A few thoughts on ceiling fans at IISc

– Pranav Minasandra

Trigger warning: suicide

This was originally published by the author on twitter. While the author focuses on IISc, this same “solution” has also been implemented or discussed in Kota and IIT Madras, and likely in many other places.

Yes, I never expected that I would write something with that title, but then, here we are. Recently, the administration of the Indian Institute of Science decided to combat the rising wave of student suicides they faced…by replacing ceiling fans with wall-mounted ones. Several faculty and students presented this as a nuanced decision that will save lives, a well-reasoned method of means restriction.1

With the disclaimer that I know next to nothing about this subject, I make the following points.

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The Dark Side of “Excellence”

দেবদত্ত পাল। Debdutta Paul

The Indian Institute of Science (IISc), which takes pride in being India’s top-ranked institution, has recently been in the news for a spate of deaths by suicide of students.[1] The stark difference between the reality of ranks and the grim reality of lives lost at IISc prompted me to take a closer look at the ground. I spoke to three students from IISc, aiming to decipher the causative patterns of poor mental health. In accordance with their wishes, their identities have been withheld.

During the national lockdown of 2020, students in IISc faced massive policing on the campus. “I suffered a tough time mentally, and I am happy to have come back home and work remotely,” said Z, a PhD scholar at IISc.

The rules and policies governing life on campus were changed without any consultation and were enforced rigorously, especially since the beginning of the pandemic, alleged Y, another PhD scholar. The rules severely restricted the movements of students and limited them from interacting with others, isolating them. The rules were not relaxed until much after the worst effects of the pandemic were over.

So, was the global pandemic the causative agent?

“The pandemic has made us lonelier, but it is not the root cause,” said X, another PhD scholar.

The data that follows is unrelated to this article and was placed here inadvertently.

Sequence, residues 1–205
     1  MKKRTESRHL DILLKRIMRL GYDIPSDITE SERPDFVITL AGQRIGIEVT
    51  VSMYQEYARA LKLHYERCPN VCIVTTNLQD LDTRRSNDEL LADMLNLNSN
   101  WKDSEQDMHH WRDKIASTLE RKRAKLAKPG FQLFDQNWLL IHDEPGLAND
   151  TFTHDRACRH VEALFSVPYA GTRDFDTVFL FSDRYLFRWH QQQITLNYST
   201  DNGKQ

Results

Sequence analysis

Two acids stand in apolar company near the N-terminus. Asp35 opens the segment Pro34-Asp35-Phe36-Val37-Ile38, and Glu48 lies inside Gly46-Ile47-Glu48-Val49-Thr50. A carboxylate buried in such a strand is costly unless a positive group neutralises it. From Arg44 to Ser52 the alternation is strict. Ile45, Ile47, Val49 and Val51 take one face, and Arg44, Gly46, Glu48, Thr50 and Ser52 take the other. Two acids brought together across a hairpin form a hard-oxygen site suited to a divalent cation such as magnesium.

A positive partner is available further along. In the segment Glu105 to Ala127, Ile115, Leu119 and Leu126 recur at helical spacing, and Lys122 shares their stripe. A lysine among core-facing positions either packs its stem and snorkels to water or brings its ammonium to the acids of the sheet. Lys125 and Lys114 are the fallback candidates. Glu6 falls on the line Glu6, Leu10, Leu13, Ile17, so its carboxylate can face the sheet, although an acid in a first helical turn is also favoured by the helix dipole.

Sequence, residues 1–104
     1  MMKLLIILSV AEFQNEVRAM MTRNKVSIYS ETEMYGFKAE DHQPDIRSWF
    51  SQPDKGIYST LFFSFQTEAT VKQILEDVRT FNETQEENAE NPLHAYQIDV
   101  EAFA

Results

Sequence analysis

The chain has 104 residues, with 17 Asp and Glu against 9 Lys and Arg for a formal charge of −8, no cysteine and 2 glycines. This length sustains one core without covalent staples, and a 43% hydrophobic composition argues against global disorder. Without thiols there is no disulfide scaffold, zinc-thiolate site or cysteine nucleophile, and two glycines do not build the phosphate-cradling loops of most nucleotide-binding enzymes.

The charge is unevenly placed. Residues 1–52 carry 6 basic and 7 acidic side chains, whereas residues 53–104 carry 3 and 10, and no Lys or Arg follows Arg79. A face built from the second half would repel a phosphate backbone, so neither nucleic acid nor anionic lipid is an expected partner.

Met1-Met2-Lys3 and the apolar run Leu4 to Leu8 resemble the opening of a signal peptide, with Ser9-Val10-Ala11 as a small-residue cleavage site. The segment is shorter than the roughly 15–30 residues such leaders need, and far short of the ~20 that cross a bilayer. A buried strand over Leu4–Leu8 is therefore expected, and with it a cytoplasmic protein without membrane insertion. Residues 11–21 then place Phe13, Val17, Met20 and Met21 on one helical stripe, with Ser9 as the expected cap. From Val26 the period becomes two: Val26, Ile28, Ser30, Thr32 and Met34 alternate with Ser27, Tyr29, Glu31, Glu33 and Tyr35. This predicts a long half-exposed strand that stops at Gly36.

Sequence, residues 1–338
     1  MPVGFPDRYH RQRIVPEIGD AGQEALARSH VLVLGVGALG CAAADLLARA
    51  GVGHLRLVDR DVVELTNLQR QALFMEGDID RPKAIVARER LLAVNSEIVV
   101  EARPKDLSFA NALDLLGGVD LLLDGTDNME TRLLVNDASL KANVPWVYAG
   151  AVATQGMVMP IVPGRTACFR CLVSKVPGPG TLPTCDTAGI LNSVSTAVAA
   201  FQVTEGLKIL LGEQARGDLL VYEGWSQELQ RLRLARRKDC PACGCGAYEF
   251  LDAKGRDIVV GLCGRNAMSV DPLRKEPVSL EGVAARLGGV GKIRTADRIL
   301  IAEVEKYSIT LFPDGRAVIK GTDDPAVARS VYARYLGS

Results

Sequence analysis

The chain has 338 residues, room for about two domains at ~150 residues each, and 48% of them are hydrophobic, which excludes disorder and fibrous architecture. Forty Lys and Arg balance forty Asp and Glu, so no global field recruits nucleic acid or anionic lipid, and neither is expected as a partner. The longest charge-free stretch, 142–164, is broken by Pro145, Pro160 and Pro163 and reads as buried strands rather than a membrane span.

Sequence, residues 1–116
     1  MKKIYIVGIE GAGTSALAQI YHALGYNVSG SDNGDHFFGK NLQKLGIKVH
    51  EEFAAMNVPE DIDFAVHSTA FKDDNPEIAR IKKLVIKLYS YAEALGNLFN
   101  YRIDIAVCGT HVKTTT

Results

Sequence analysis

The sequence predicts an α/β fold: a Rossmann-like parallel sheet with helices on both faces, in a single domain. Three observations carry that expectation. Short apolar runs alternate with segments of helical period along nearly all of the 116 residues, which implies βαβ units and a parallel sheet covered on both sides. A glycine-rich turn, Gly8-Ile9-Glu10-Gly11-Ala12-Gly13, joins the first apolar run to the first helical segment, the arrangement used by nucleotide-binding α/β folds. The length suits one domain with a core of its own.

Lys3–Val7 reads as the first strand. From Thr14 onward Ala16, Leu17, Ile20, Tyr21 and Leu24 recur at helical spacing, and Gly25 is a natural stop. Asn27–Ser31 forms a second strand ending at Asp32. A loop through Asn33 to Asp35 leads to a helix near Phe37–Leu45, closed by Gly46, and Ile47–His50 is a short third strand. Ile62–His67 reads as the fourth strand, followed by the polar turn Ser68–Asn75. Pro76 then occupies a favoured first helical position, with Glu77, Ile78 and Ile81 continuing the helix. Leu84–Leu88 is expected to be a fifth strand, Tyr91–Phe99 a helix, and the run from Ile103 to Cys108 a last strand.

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On the Discourse Surrounding Mental Health

-The NotA Collective

The past year has witnessed a striking number of deaths by suicide at institutions of higher learning in India.1 It is often difficult to talk about these events, tragic and inexplicable as they are. Harder still is the task of navigating the discourse surrounding suicide and its prevention that inevitably follows. A reliable pattern of response has now been established, to which all concerned parties hew closely:

  • University press offices rush out statements, careful to distance themselves of all blame. Committees will be formed, which in a few weeks or months will invariably find that although it was all really very tragic, the only effective mitigation strategy is to spread “awareness”.
  • Tenured professors on Twitter will bemoan the loss of young, talented academics, and remind their followers of the importance of mental health and “getting help” in a timely and responsible fashion. They assure us that they too appreciate the pressures of being a young academic, having also been young academics once. For their part, students on Twitter will retweet these exhortations; most of them will do so mechanically but a few will do so with anger and passion that inspires hope.
  • Journalists interfacing with academia will mutter words like “systemic” and “structural” and quote tweet university press handles, focusing their criticism on how sentences are phrased. Some will commission articles on the ballooning crisis of mental health in academia, informed by what passes for progressive senior academics, and occasionally counsellors with experience treating mental illness.